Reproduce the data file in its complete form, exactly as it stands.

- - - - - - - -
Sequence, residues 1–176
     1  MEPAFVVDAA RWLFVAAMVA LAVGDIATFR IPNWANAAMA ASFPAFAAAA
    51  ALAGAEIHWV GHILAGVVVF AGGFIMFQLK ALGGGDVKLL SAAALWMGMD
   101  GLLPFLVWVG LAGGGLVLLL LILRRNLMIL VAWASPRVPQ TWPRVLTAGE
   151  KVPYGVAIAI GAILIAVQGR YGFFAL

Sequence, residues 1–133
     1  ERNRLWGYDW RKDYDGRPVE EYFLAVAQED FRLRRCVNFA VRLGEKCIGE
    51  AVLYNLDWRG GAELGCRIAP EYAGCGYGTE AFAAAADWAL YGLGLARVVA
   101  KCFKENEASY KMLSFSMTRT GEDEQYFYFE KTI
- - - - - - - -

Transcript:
Sequence, residues 1–176
     1  MEPAFVVDAA RWLFVAAMVA LAVGDIATFR IPNWANAAMA ASFPAFAAAA
    51  ALAGAEIHWV GHILAGVVVF AGGFIMFQLK ALGGGDVKLL SAAALWMGMD
   101  GLLPFLVWVG LAGGGLVLLL LILRRNLMIL VAWASPRVPQ TWPRVLTAGE
   151  KVPYGVAIAI GAILIAVQGR YGFFAL

Sequence, residues 1–133
     1  ERNRLWGYDW RKDYDGRPVE EYFLAVAQED FRLRRCVNFA VRLGEKCIGE
    51  AVLYNLDWRG GAELGCRIAP EYAGCGYGTE AFAAAADWAL YGLGLARVVA
   101  KCFKENEASY KMLSFSMTRT GEDEQYFYFE KTI